Don’t look at flea markets, you will pay too much. Go to the yard and garage sales that are off the beaten track. You can pick them up for $3=6.00. They may need cleaning see above post.
I collect and use them. Do not buy any new cast iron, it is worthless. And don’t even think Taiwan. Its just junk.
The only pots and pans I've used for many years have been stainless steel or cast iron. I do have one Teflon frying pan which I use infrequently for omelets. I cringe when I see people using aluminum or very scratched Teflon. I read recently that pet birds have died when the fumes from heated Teflon pans wafted through their cages. And what is this doing to human children or adults? No, I'd much rather use the old fashioned cast iron or stainless steel. However, one drawback to the cast iron is the weight. As I age, they seem to get heavier!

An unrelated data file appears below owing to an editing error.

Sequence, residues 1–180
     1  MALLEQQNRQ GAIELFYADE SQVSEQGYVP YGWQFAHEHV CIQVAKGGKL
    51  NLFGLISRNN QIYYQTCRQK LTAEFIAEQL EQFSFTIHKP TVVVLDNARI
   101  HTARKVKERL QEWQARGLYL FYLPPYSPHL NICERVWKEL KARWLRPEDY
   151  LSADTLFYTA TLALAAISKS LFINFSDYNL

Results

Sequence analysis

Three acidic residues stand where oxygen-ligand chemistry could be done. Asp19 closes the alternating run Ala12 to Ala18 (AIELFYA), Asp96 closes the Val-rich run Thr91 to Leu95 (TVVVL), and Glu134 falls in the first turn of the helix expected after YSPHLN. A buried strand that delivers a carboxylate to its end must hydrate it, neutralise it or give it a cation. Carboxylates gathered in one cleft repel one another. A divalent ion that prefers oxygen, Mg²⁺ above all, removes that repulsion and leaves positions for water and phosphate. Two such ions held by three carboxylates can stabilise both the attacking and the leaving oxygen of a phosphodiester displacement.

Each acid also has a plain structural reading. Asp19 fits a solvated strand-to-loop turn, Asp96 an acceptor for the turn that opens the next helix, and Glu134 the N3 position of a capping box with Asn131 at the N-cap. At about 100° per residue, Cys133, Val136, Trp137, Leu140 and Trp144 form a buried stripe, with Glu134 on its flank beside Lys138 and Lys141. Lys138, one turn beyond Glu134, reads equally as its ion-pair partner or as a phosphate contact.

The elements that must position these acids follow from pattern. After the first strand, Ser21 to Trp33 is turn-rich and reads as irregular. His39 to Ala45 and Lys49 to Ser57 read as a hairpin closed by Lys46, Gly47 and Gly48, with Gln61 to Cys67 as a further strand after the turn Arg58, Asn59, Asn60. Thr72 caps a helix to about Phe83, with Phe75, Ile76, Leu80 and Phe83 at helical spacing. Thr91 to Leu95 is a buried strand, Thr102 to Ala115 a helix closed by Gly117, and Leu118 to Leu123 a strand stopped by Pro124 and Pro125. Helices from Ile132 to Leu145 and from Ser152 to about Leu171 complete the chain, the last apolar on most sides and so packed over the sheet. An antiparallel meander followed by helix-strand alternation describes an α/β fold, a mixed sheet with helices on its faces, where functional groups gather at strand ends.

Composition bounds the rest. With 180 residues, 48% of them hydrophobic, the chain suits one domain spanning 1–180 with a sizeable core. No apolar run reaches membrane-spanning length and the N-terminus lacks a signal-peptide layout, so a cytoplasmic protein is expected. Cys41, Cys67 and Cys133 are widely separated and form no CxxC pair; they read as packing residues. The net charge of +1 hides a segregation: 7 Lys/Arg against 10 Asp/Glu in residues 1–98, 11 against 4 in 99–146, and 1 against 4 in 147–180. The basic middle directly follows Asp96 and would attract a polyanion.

I agree...good seasoned cast iron can only be found in old skillets. They just don't make them like they used to! My favorite skillet is a small one that was my Granny's...no one knows how old it is and it's smooth as a baby's hiney.
Cast iron is cast iron is cast iron. Wagner and Lodge are available at stores; it will take a while to get the surface well seasoned.
With my own seasoned skillet, baking cornbread seems to best 'repair and recondition' the patina than anything else. It boils down to using it occasionally and not letting liquids sit in it for very long. I typically clean the cast iron skillet upon finishing cooking (after it's cooled some but still quite warm) and before eating the meal.
I have 4 large cast iron skillets, 1 small, and 2 cast iron dutch ovens, I would prefer to cook only in them, but... family does cook too and they seem to use the other...